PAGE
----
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What Surveyors Value Most about Their Geodata Acquisition Method

The professionals were asked what they valued most about their chosen geodata acquisition method, and the answers will undoubtedly be of interest to providers of photogrammetric solutions. At the top of the list of priorities (Figure 2) is high accuracy (more than 65%), followed by spatial resolution/point density (just over 50%) and reliable processing software (33%). Other important aspects are the rapid availability of final products and a well-established workflow.

Factors affecting accuracy in photogrammetry

It is hardly surprising that accuracy is regarded as essential. However, accuracy is affected by several factors. PhotoModeler Technologies (also known as Eos Systems) published a relevant blog titled ‘Factors Affecting Accuracy in Photogrammetry’ analysing the various aspects of photogrammetric accuracy. According to the blog, high accuracy is related to photo resolution, camera calibration, angles, photo orientation quality, photo redundancy and targets/marking precision.

One particularly important aspect is knowledge of how to gather the best imagery. After all, of the various factors that affect the accuracy, the quality of the input imagery is crucial. Photogrammetric mapping companies are always working on optimising their solutions, but geospatial professionals themselves can also do a lot to improve the results. It may sound obvious, but high-quality inputs lead to high-quality outcomes.

Read the full report of the outcome of the survey here

http://www.GIM-INTERNATIONAL.com
Viernes 07 de Diciembre del 2018

Drones speed inspections, push boundaries of cinematography

http://www.GPSWORLD.com
Jueves 29 de Noviembre del 2018

Lidar USA integrates Z+F scanners for mobile mapping

http://www.GPSWORLD.com
Jueves 29 de Noviembre del 2018

Japan’s QZSS service now officially available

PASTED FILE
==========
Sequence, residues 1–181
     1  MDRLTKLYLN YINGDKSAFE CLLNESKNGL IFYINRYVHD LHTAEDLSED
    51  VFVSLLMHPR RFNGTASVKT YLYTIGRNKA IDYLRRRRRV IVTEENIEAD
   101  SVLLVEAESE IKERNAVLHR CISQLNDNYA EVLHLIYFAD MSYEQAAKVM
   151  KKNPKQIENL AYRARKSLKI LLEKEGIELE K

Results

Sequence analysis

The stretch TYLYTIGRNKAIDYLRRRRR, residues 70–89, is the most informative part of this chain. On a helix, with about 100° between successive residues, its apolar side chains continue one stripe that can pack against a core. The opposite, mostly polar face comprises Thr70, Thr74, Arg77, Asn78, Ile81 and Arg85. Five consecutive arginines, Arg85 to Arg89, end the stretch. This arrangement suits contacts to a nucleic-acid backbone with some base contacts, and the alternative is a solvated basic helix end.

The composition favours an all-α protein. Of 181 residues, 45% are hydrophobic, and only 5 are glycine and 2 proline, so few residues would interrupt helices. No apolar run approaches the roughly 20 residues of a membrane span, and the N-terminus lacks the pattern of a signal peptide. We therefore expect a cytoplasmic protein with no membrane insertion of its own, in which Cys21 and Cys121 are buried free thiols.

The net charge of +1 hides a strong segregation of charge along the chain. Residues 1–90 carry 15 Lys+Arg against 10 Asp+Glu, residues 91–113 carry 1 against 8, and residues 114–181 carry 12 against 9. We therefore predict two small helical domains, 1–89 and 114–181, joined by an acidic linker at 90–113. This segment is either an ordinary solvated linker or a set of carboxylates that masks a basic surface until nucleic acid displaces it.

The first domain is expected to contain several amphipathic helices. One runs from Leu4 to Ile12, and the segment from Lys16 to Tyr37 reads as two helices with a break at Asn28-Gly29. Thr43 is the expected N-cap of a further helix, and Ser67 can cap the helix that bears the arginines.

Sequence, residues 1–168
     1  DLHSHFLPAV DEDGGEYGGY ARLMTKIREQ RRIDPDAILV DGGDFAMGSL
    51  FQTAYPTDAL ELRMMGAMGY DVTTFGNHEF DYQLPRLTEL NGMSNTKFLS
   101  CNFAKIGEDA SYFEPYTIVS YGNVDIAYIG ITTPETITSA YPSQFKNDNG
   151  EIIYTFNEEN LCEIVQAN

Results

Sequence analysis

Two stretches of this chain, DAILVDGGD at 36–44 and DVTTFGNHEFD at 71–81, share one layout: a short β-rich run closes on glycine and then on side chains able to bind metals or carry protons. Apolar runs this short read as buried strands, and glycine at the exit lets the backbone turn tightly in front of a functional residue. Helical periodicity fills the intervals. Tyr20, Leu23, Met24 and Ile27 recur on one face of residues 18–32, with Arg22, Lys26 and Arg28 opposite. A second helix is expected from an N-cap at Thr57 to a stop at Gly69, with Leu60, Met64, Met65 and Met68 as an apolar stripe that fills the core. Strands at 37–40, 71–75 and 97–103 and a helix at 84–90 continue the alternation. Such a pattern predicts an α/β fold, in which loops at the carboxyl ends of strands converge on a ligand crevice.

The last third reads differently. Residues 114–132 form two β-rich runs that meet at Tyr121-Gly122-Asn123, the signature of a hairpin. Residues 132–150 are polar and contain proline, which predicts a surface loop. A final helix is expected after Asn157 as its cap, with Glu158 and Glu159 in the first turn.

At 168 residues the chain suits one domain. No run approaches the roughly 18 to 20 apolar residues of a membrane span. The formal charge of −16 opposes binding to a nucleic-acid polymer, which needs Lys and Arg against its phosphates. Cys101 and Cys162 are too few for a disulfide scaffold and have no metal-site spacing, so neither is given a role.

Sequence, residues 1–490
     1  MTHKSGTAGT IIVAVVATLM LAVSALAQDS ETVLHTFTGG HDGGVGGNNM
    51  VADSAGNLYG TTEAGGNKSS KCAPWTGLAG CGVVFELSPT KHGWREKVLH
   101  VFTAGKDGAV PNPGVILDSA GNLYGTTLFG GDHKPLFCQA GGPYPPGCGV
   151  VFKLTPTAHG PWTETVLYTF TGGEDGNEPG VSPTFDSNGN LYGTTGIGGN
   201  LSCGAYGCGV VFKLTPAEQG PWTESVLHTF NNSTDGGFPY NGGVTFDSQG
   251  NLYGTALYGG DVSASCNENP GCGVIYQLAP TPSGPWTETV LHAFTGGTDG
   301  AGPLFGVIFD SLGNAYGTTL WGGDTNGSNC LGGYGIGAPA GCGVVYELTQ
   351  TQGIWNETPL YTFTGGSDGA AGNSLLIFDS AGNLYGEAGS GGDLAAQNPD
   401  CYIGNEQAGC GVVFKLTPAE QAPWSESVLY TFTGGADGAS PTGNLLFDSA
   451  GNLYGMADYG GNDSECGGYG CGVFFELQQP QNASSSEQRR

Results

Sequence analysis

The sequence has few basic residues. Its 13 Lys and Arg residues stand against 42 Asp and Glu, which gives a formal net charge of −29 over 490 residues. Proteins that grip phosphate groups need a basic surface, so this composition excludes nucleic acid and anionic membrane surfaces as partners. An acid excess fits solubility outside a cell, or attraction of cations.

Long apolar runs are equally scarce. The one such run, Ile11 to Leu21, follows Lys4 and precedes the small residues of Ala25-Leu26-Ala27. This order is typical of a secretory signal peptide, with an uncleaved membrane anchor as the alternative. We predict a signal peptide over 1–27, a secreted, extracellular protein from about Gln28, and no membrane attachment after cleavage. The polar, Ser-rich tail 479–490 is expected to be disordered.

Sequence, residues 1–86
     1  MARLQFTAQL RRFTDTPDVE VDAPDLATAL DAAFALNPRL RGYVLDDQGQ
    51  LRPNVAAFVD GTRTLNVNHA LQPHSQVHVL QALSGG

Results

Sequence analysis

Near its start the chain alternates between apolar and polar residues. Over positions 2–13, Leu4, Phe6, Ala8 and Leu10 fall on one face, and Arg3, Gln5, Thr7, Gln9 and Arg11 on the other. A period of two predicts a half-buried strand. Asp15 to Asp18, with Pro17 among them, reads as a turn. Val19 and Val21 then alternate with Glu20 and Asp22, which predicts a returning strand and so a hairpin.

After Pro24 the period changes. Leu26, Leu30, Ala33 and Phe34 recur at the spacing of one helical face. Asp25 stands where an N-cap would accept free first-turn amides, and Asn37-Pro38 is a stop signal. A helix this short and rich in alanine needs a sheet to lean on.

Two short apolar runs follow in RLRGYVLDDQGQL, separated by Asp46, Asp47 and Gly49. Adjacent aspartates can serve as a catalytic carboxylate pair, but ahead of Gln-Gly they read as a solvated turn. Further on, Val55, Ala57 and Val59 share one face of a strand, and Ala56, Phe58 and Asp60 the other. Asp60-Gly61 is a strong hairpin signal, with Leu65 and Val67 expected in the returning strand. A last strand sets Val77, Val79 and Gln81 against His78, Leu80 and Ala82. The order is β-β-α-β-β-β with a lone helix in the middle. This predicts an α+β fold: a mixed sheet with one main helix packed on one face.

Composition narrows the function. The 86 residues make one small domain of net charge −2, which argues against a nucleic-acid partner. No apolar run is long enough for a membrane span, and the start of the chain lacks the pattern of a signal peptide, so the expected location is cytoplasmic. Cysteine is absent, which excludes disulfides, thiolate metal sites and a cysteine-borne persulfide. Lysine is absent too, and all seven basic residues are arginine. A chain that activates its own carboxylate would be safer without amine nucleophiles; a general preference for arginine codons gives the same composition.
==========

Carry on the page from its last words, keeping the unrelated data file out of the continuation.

Services of the Quasi-Zenith Satellite System (QZSS) officially started on Nov. 1, according to a statement from Japan’s National Space Policy Secretariat, Cabinet Office.

Government and industry hope the turn-on will generate new services worth nearly 5 trillion yen ($44.4 billion) by 2025 as players like SoftBank Group, Mitsubishi Electric and Hitachi plan applications in automated driving, farming and more.

“Our lifestyles would be impossible without GPS,” Prime Minister Shinzo Abe said at initialization ceremony marking the start of the service. The Michibiki satellite constellation, known officially as QZSS, would let Japan turn “a new page in history,” he continued.

The system keeps at least one of the current four Michibiki satellites over Japan at all times, offering an advantage over GPS-only services with a precise bird’s-eye view uninterrupted by mountains or tall buildings. With special receivers, the satellites can narrow margins of error to 10 centimeters.

The signal is free for anyone with a device capable of receiving the signal.

20181101michibiki ShinzoAbe 300x222Prime Minister Shinzo Abe delivers a congratulatory address as QZSS is officially launched. (Photo: Japan Cabinet Public Relations Office)

Japan’s cabinet and other government bodies have invested 120 billion yen in QZSS. Expectations are particularly strong for applications in the rapidly advancing field of automated driving, with some businesses estimating the market for positioning services in that field alone at roughly 500 billion yen.

QZSS offers lane-level positioning capability, is a key step towards auto autonomy.

Michibiki means guidance in Japanese. In his remarks, Abe said the satellite-based augmentation system (SBAS) “will guide us to Society 5.0, the society of the future. There are high hopes for the ever greater use of this satellite system in a wide range of fields. The government aims to expand the system to a seven-satellite constellation by FY2023, with the goal of achieving an even more stable positioning service.

“More than 10 years have passed since its conception. I am sure that taking on this challenge, the first of its kind in the world, must have required much hard work. I would like to express my utmost respect for the efforts of the engineers responsible for the development and all those involved with this project.

“To what degree will the ‘Michibiki’ change our lives? I hope to follow its progress with great excitement, together with you all.”

http://www.GPSWORLD.com
Jueves 29 de Noviembre del 2018

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